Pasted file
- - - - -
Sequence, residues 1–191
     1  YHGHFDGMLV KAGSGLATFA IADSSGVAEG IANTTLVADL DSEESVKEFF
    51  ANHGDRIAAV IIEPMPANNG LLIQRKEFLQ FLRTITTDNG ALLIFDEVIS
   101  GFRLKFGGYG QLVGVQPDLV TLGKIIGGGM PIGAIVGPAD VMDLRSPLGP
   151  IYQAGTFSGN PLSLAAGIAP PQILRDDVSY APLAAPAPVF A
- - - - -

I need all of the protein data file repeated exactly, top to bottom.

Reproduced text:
Sequence, residues 1–191
     1  YHGHFDGMLV KAGSGLATFA IADSSGVAEG IANTTLVADL DSEESVKEFF
    51  ANHGDRIAAV IIEPMPANNG LLIQRKEFLQ FLRTITTDNG ALLIFDEVIS
   101  GFRLKFGGYG QLVGVQPDLV TLGKIIGGGM PIGAIVGPAD VMDLRSPLGP
   151  IYQAGTFSGN PLSLAAGIAP PQILRDDVSY APLAAPAPVF A